By Mark Fowser Newsworks.org
Delaware is expected to get a $45 million share of a $25 billion national mortgage foreclosure settlement, which has been approved by a federal judge.
Attorney General Beau Biden says the agreement requires the five largest mortgage-servicing banks to "put meaningful customer-service standards into practice without affecting the additional actions we and other states are taking to hold banks accountable for their conduct that led to the housing crisis."
An investigation began in October 2010 into allegations that bank practices were leading to premature and unauthorized foreclosures, violations of homeowners' rights and protections, and "robo-signing" of foreclosure documents.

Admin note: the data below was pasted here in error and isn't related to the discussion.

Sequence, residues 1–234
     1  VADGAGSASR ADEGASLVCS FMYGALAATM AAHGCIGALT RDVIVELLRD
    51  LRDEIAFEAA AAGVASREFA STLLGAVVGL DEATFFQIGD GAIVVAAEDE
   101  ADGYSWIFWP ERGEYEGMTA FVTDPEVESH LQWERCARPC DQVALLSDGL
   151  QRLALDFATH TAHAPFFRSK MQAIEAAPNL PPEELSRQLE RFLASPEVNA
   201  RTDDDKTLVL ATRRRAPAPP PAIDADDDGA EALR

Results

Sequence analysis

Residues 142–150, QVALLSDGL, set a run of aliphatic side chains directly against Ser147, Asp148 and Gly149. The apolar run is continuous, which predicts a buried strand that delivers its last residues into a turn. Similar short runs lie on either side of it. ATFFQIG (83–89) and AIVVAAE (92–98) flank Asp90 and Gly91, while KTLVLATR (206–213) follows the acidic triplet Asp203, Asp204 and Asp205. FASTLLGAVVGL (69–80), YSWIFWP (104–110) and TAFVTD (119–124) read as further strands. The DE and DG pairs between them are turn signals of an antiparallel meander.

New protections and customer-service standards are also in place for military veterans. The institutions affected are Bank of America, JPMorgan Chase, Wells Fargo, Citigroup and Ally Financial (formerly GMAC.)
According Biden, more than $32 million that would be sent to Delaware would be made available for current and former homeowners to reduce their principal mortgage loans and help those who are "under water" - burdened with mortgages that are larger than their homes are worth. About $10 million would fund homeowner assistance programs, a new mortgage mediation program, investigative activities and educational outreach.
The settlement which was reached in February involved Delaware, 48 other states and the District of Columbia as well as the five banks.
Biden's office is also involved in other mortgage-related actions, including a lawsuit filed against MERS, the private mortgage registry that was accused of generating confusion among homeowners, investors and other stakeholders in the mortgage finance system.